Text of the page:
Livin' it up, American style

Friday, October 20, 2006

I Love the Smell of Formaldehyde in the Morning.

The New York Times had an article today about virtual science labs replacing hands on science in high schools. There was a picture of a young girl staring at a computer screen as she 'dissected' a fetal pig. Increasingly, virtual experiments done online are replacing the ones that used to be done by students in a classroom. I can understand the use of online science lessons if a student wants to take a course that their high school does not offer, but I am afraid of schools using online labs to substitute for the real thing.

Clicking on the computer screen to virtually dump this test tube of chemicals into that test tube of chemicals is a sorry substitute for doing it in a classroom. The students are taught that these chemicals may be dangerous, and they need to wear gloves and goggles and be careful. There is the process of getting the Bunsen burner ready, and measuring out all the ingredients. There is the process of trial and error, as students add too much or too little of one chemical. There is the experience of smelling the different chemicals, or seeing the different viscosities. There is that moment of elation when students realize they did the experiment perfectly, or disappointment when they realize they did something wrong. There is that initial gross out factor when students first slice into their dead, cold, formaldehyde smelling frogs, which is quickly replaced by exclamations of 'cool' when students see little lungs and hearts that look like human's.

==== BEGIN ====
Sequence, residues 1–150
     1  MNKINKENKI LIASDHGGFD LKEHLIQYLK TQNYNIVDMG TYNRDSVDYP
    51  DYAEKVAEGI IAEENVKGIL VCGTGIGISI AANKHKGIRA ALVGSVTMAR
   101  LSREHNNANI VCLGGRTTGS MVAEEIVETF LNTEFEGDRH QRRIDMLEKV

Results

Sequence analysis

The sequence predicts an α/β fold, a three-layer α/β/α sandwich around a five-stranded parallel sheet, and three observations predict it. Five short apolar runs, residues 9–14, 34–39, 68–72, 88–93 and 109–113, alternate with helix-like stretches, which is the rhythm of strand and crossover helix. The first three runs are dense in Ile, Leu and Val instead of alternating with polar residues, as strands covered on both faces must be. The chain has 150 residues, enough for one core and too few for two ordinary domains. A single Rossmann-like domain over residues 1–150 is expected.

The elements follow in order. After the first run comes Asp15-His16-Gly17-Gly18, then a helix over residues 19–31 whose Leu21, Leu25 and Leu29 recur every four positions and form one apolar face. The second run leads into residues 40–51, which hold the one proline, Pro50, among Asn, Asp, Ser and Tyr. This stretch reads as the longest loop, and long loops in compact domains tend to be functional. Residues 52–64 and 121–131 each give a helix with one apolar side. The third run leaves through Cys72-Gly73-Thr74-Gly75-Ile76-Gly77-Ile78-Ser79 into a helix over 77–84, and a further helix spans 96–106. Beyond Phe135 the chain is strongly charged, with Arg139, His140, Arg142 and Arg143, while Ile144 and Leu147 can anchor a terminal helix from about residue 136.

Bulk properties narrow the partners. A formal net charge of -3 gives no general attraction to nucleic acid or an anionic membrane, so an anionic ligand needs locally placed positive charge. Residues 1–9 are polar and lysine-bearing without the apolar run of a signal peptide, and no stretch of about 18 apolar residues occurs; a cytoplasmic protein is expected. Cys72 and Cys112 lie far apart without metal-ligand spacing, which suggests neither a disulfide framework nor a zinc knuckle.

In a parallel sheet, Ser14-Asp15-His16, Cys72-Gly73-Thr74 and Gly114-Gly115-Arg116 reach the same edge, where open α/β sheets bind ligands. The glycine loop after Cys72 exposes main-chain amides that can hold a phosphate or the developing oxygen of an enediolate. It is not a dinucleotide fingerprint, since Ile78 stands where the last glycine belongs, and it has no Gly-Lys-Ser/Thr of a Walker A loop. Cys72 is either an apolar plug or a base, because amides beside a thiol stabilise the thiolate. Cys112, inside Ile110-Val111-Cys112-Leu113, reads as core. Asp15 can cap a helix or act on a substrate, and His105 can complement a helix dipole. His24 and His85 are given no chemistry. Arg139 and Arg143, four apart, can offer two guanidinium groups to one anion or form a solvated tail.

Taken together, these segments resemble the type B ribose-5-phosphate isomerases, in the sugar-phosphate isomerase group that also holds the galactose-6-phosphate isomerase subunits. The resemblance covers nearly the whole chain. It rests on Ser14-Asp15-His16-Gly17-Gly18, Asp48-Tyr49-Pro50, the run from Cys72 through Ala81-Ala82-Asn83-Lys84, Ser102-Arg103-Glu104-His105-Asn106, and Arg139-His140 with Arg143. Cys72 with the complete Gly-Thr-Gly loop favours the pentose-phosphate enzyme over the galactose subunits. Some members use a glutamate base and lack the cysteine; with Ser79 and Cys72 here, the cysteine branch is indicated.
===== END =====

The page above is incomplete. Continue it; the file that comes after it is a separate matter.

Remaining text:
These hands on experiments are what makes students want to become scientists and doctors. These experiments make even the slacking, disinterested students in the class get excited and ask questions. There was never more energy in the biology or physics classrooms than the days we were going to do a lab. These types of projects are one of the most important types of lessons because they are not something that can be read about, or understood from pictures in a book or computer. I feel that if online lessons become more widespread and replace traditional lessons in labs, that fewer students will become biologists or pre-med majors. I think schools should go the opposite way, and have more chances for students to do hands on learning, to learn something that can't be learned from a book or computer screen.


  • you luddite! hehehe. j/k

    By Anonymous Anonymous, at 11:25 AM  

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